This weekend I fulfilled a long-held dream. The dream was to help create a cultural and artistic institution in my home country of Morocco. The Marrakech Museum for Photography and Visual Arts (MMP+) is a new home for the arts, somewhere that with all the political and social unrest you see every day in North Africa, will send out a message to the rest of the world that Morocco is a country where contemporary culture can and will triumph over reactionary thinking.
Our belief is that our country should become a beacon to the rest of the region. Opening a museum that celebrates the photographic image and the visual arts has never before been imbued with such potential for debate, an open and public conversation where all people, no matter what their gender or their background, can meet on a level playing field, both as observer and as the observed. The Marrakech Museum for Photography and Visual Arts (MMP+) is, I believe, a true witness to the integrity of my homeland and its vision for its future: a place where everyone has their eye on the world.
The weekend of celebrations welcomed guests, many from some of the world's most influential museums including Virginia Heckert from the J. Paul Getty Museum, Sandra Phillips from SFMOMA and Simon Baker of Tate Modern London - as well as acclaimed critics and writers and of course many of the world's best known photographers. It was almost overwhelming to invite the international art world to our amazing temporary home at the El Badi Palace.
The museum launched with an exhibition called 10 Contemporary Moroccan Photographers from our permanent collection: Yto Barrada, Carole Benitah, Hicham Benouhoud, Ali Chraibi, Yasmine Bouziane Daoud, Hicham Gardaf, Hassan Hajjaj, Lamia Naji, Leila Sadel, and Aoulad Syad.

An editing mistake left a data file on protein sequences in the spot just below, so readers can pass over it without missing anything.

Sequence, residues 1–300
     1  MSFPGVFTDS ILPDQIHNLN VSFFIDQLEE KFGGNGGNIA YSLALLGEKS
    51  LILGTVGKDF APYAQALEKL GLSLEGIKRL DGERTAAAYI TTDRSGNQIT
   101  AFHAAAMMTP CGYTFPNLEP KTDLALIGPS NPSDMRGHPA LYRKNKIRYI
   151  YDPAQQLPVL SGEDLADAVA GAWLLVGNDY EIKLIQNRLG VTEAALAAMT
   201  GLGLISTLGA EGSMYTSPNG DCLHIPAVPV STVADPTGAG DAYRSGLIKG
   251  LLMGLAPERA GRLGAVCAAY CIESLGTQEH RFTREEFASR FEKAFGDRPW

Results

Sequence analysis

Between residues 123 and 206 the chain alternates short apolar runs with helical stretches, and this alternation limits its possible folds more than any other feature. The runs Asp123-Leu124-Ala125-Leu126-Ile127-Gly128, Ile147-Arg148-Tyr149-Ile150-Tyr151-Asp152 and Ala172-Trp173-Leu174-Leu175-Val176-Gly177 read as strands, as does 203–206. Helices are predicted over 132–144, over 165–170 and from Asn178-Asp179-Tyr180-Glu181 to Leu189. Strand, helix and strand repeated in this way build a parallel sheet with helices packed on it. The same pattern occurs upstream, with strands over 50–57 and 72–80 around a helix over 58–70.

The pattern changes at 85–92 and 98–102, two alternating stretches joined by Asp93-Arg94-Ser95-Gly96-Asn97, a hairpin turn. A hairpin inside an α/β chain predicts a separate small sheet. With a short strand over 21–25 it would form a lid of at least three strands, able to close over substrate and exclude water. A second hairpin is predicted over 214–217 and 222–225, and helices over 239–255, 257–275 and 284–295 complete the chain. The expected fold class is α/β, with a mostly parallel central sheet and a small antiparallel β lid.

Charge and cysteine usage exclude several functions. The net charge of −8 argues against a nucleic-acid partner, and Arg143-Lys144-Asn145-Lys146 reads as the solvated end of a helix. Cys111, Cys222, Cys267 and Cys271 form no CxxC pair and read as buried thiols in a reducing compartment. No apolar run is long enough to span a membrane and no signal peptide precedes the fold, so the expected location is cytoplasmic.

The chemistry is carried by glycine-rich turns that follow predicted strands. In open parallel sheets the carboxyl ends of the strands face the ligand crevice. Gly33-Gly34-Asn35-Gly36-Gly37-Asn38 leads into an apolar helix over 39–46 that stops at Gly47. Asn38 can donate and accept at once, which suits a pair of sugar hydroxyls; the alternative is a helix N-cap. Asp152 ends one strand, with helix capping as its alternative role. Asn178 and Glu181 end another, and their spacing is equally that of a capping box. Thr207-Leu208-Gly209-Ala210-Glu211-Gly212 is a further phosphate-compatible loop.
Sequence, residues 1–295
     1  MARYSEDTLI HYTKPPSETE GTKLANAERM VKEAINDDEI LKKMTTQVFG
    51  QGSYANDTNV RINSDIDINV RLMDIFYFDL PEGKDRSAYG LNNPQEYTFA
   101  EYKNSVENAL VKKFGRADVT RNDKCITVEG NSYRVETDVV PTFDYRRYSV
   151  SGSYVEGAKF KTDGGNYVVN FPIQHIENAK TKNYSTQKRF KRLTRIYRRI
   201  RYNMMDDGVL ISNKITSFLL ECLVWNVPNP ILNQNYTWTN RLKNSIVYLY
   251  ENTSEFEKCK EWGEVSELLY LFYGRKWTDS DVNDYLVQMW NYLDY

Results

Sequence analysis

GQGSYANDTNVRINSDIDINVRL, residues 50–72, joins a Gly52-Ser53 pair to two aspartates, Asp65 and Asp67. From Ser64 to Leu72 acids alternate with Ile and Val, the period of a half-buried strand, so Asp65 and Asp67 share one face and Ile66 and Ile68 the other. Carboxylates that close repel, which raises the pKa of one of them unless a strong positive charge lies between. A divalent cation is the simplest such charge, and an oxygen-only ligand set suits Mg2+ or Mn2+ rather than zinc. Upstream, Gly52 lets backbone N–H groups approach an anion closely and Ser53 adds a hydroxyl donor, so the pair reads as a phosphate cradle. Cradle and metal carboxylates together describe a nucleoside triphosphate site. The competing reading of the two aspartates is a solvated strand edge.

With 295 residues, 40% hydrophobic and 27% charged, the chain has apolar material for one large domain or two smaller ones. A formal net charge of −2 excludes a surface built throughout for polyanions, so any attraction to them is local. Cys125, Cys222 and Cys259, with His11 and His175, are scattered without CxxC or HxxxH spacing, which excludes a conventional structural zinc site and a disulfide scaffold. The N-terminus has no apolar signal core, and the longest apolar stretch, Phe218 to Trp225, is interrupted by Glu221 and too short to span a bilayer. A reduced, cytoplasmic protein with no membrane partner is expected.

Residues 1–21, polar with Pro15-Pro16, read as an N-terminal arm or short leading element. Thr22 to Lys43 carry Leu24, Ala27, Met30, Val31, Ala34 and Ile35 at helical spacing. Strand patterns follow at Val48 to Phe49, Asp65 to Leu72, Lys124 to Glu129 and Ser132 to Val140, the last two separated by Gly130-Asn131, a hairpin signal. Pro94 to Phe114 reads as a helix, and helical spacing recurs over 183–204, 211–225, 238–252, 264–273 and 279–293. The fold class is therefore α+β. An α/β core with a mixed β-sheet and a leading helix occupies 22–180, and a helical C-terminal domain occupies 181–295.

The space will also be used as a laboratory for a new generation of Moroccan curators who will work with internationally acclaimed academics on a project basis. In support of this laboratory, MMP+ will be launching a scholarship programme to support Moroccan students and further their studies of Museum Science at major institutions around the world.
This weekend MMP+ is showcasing the work of some members of the amazing Magnum Photos collective. The quintet of Abbas, Jim Goldberg, Susan Meiselas, Mark Power and Mikhael Subotzky have lived together and worked with local photographers, submersing themselves for two weeks in Marrakech, its life force and its people and have produced an exceptional body of work curated by Simon Njami and entitled A Portrait of Marrakech. This highly original way of working and the subsequent body of work was accompanied by a weekend of talks by leading curators in the field of photography.
The Museum is also hosting a show of the incredible photography of Lewis Morley in an exhibition entitled: Fame, Fashion, Celebrity opened by the British Ambassador to Morocco, Clive Alderton. Morley took some of the most famous photographs of the 1960s including the iconic shot of Christine Keeler that became synonymous with the Profumo Affair.
In 2016 The Marrakech Museum for Photography and Visual Arts (MMPVA) will open in its new home: an impressive free-standing space designed by Sir David Chipperfield. The museum will house a permanent collection of lens-based art from the 19th Century to the present day in addition to a programme of contemporary art exhibitions. It will be the largest freestanding museum in the world dedicated to photography and will be a significant addition to Africa's cultural landscape.
But the real dream will be realised when MMPVA is able to exhibit all the amazing African artists who struggle to survive in economies that don't facilitate art, when the Museum can draw the young generation so thirsty for culture to it's doors with fantastic pieces of art.
The creation of a museum is just a way to give back to this amazingly rich culture and history that Morocco has borne and nourished. Morocco has been a blessing to me and my family. We are very happy to celebrate it in this fashion.